At the close of the 5 pm hour, Cafferty read some of his viewers responses to his 'Question of the Hour,' and they overwhelmingly supported letting homosexuals into the military.
CAFFERTY: This is the 14th anniversary, Wolf, of 'don't ask, don't tell,' and a bunch of retired generals and admirals have signed a letter, 28 of them in all, suggesting it's time to rethink this policy in the military for gays. And that's our question, "Is it time to rethink 'don't ask, don't tell' when it comes to gays in the military?"
Donna writes from California, "I was in the Army 30 years ago. The difference between another woman hitting on me and a hetero male was the woman gave up when I declined their advances. Yes, change the policy. Didn't we lose many qualified Arabic linguists over this, i.e., we tons of intercepted intelligence and not enough people to decipher it?"
Patrick writes, "If someone is willing to pick up a gun, wear the uniform of our country, and die for my freedom and yours, they're a hero, whether they're homosexual or heterosexual."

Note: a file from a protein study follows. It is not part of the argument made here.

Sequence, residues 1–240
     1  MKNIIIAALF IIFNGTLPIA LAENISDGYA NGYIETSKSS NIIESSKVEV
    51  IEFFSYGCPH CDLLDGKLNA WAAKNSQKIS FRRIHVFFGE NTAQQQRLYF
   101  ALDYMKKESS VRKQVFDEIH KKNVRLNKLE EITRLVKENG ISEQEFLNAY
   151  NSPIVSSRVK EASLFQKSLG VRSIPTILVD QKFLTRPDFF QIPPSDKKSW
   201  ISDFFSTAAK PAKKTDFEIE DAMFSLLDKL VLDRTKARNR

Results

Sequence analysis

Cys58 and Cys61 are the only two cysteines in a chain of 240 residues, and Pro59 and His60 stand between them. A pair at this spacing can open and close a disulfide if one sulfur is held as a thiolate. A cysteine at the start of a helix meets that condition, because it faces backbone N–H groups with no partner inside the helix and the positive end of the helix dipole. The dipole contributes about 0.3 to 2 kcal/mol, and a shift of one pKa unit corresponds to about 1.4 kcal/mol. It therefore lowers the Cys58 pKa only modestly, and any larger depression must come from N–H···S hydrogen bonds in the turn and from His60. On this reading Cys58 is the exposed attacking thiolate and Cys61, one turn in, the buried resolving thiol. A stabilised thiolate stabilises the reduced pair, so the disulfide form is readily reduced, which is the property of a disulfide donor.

Todd in State College, Pennsylvania: "If the government can tell businesses -- this is interesting -- that they cannot discriminate against employees or potential employees based on sexual orientation, then why can the government discriminate against employees of the American people?"
Dan writes, "When Clinton came out with the 'don't ask, don't tell' idea, he not only did it to allow gays into the military, but also to protect them from unwanted harassment. I know people can be intolerant, so in my opinion, the military shouldn't ask or care if you're gay. However, gay soldiers should be prepared for outing themselves in such a conservative institution as the U.S. military."
John in Oklahoma: "As a two-tour Vietnam veteran, I can tell you when you're under fire the last thing on your mind is the sexual orientation of the man next to you. You're just doing your best to keep each other alive."
And Dan from Cincinnati: "The policy should be repealed. The Republicans, who pretty much want it to remain as is, should remember what the subversive pacifist liberal named Barry Goldwater once said: 'It matters whether someone can shoot straight, not whether he is straight.'" Wolf?